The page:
Alternatives to Knee Surgery: What Can I Do Instead of Knee Surgery?
Knee injuries are the leading cause of medical claims. In the United Kingdom, knee injuries account for about 12 percent of all visits to a doctor's office and about half of all office visits for non-operative care. In addition, it accounts for about five percent of all surgical dissections. One of the more common injuries is a dislocated kneecap. Among patients seeking medical treatment for their knee, a dislocated kneecap is the second most common reason for non-operative treatment, behind only a herniated disc (which is not actually a separate part of the knee).
Our bodies are not perfectly designed to bear the sheer forces encountered when we run or jump; bones that overtime will begin to lose their strength and eventually break. Knee pain and other related discomforts can result from this inevitable process. The first reaction is usually to apply cold therapy as there are many alternatives to knee surgery, ice wrapped in a towel or an ice pack placed directly on the painful area. This may help relieve some of the swelling but will do nothing to repair the damage to the bones and cartilage.
The Prescription Medications
There are some prescription medications that your doctor can prescribe for your pain, but they do not address the source of the problem. As with a broken bone, the knee simply does not have the same structural properties that a healthy body does. Bones that are under stress tend to break down at an alarmingly fast rate. Within a matter of weeks, a microscopic crack in the protective cartilage can leak tear fibers, causing unimaginable pain. These tears often occur in the outer layers of the cartilage, allowing pressure to build.
Most doctors recommend treatment for osteoarthritis of the knee is limited to anti-inflammatory drugs and a course of steroid injections. Unfortunately, these drugs are not effective against the underlying bone and cartilage deterioration that is the root cause of joint pain. Once you start taking steroids, you will likely be prescribed them for life, even though they will not repair your knees any better than they started out. They can minimize the symptoms of the joint inflammation, but will do nothing to correct the structural damage to the bones and cartilage. Surgery, although it does fix the physical damage to the knee, can also dramatically correct the alignment of the bones and allow movement again.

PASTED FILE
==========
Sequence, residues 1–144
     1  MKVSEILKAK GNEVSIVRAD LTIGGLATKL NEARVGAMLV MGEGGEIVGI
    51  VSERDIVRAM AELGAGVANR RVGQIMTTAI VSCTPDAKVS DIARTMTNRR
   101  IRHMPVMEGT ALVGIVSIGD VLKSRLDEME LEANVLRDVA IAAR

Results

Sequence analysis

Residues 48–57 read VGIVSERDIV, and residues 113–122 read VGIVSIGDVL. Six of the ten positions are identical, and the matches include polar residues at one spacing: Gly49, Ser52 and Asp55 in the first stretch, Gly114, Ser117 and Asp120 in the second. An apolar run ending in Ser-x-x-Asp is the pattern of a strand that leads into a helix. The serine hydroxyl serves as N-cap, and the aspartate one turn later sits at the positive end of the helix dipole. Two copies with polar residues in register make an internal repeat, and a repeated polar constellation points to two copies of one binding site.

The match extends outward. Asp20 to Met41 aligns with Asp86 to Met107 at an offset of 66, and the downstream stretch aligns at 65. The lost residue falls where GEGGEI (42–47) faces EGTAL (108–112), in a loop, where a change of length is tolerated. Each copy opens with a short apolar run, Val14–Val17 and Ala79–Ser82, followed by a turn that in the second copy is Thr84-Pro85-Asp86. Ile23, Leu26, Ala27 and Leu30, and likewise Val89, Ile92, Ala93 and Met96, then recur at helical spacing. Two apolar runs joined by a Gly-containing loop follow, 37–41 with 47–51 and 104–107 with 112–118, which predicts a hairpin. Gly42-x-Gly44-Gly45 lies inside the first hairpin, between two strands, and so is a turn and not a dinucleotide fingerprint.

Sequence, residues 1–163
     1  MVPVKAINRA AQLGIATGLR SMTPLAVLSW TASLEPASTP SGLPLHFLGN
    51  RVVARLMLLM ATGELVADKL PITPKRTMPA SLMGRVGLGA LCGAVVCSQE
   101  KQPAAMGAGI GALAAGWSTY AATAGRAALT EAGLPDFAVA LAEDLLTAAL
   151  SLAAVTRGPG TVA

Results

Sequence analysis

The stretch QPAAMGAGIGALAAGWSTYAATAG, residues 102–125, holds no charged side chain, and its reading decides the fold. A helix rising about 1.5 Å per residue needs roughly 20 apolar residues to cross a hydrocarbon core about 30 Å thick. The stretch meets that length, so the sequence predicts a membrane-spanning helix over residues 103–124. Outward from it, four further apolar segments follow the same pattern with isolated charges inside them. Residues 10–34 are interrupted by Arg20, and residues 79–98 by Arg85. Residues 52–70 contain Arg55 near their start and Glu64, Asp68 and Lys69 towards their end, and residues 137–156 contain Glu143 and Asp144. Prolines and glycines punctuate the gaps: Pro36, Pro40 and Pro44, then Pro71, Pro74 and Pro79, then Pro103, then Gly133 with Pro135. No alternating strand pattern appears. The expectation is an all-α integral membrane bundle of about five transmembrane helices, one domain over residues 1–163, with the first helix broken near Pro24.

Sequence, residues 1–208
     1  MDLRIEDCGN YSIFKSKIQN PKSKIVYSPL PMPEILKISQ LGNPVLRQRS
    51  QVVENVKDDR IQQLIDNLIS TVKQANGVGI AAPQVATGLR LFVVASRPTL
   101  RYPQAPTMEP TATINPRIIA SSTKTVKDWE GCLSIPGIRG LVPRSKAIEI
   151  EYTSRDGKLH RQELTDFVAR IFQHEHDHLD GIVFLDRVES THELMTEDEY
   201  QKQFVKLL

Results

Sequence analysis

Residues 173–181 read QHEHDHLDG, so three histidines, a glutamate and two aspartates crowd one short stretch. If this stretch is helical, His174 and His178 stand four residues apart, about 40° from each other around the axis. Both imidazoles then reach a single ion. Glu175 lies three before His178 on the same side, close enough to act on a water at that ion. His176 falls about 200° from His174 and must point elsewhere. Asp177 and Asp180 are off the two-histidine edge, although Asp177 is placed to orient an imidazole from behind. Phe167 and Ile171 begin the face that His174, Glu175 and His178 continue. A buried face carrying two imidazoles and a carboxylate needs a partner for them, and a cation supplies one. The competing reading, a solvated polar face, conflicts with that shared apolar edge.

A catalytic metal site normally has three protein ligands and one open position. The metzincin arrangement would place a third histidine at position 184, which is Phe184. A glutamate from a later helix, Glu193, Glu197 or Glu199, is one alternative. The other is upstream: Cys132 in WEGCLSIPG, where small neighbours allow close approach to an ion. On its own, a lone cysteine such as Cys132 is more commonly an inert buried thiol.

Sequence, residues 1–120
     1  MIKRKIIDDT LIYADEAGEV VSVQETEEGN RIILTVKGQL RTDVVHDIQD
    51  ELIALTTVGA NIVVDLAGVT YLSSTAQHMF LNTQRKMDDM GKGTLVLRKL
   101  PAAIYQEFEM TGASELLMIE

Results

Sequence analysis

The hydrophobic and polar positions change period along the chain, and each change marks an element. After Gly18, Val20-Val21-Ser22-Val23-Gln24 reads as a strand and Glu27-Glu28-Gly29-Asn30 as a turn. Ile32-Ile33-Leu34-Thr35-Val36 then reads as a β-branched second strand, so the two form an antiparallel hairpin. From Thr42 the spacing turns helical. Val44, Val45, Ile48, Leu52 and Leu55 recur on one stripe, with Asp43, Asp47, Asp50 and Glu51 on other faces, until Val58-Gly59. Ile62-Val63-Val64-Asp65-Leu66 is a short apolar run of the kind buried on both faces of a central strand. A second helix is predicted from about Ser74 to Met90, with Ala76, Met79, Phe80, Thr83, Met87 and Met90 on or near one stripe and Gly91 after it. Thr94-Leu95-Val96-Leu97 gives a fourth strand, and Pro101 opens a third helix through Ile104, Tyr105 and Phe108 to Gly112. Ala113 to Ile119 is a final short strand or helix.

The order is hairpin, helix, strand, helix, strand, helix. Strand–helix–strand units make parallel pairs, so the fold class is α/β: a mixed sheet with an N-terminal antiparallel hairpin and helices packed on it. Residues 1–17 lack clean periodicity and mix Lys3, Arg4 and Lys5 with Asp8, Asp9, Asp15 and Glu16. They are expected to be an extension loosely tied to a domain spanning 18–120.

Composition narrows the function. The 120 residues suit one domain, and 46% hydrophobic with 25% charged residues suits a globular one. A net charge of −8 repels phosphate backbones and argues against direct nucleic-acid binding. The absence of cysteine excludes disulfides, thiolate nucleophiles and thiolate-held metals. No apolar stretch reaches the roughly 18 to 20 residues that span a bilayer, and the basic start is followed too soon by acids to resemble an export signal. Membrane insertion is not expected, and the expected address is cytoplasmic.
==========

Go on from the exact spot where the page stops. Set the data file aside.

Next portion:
What Can You Do Instead of Surgery?
You might ask, "What can I do instead of knee replacement and osteoarthritis treatment?" Your doctor may suggest the surgical solution, but you may want to take a different route. In most cases, the doctor will perform arthroscopic replacement of the affected bones. This procedure involves removing damaged portions of the bone with a tiny camera lens attached. With the aid of an arthroscope, the surgeon can clearly see the insides of the bones, which have been repaired using the patient's own healthy tissues, replacing the damaged portion of the bone.
Patients who undergo this procedure are able to return to their daily lives in almost all cases. There is one very rare exception to this rule, and that is with patients whose knee cap bones have grown so large that they need to be removed. In this case, the arthroscopic replacement of the replacement bones usually has to be performed on an outpatient basis under general anesthesia. It is quite common for the doctor to place screws in the front of the knee cap to hold the bone in place, as well as to provide stability. The postoperative recovery period usually involves resting the affected knee and keeping it fairly mobile, although it is important to avoid excessive activity for the first three to six months. Athletes and those who were involved in sudden and aggressive activities are at much greater risk for developing osteoarthritis in their knees.
The Alternatives to Knee Surgery
Another option for osteoarthritis treatment other than osteoarthritis surgery is the use of alternatives to knee surgery, which are often more effective and less painful than surgery. Glucosamine is a substance found in the glucosamine sulfate supplement that is commonly used in treating arthritis and other problems involving cartilage and the joints. Chondroitin Sulfate is another substance that can be taken as a supplement or in a pill form to treat a variety of ailments including osteoarthritis pain. MSM (Methylsulfonylmethane) is a substance that has traditionally been used for treating a variety of ailments including osteoarthritis. Another substance that can be taken is a natural combination of herbs that include alfalfa and burdock root.
The Osteoarthritis Treatment
While osteoarthritis is an extremely painful condition, patients can still choose other options besides having their bones surgically replaced. Patients and doctors alike are beginning to understand that pain and discomfort are not the only things that are debilitating from this condition. Other serious complications such as infections and clotting can result if the condition is not dealt with properly.
Knowing what can I do instead of knee surgery for osteoarthritis pain is important for those who are looking to make positive changes in their lives. A healthy diet, plenty of sleep and exercise are just a few of the alternative treatments for osteoarthritis that are available.
Ella Isabell lives in Manchester, United Kingdom. She is orthopedic surgeon at the clinic in Manchester. Her areas of specialty are bones, joints and their associated structures that enable movement - ligaments, tendons, muscles and nerves.
Manchester, SK6 8DR Manchester
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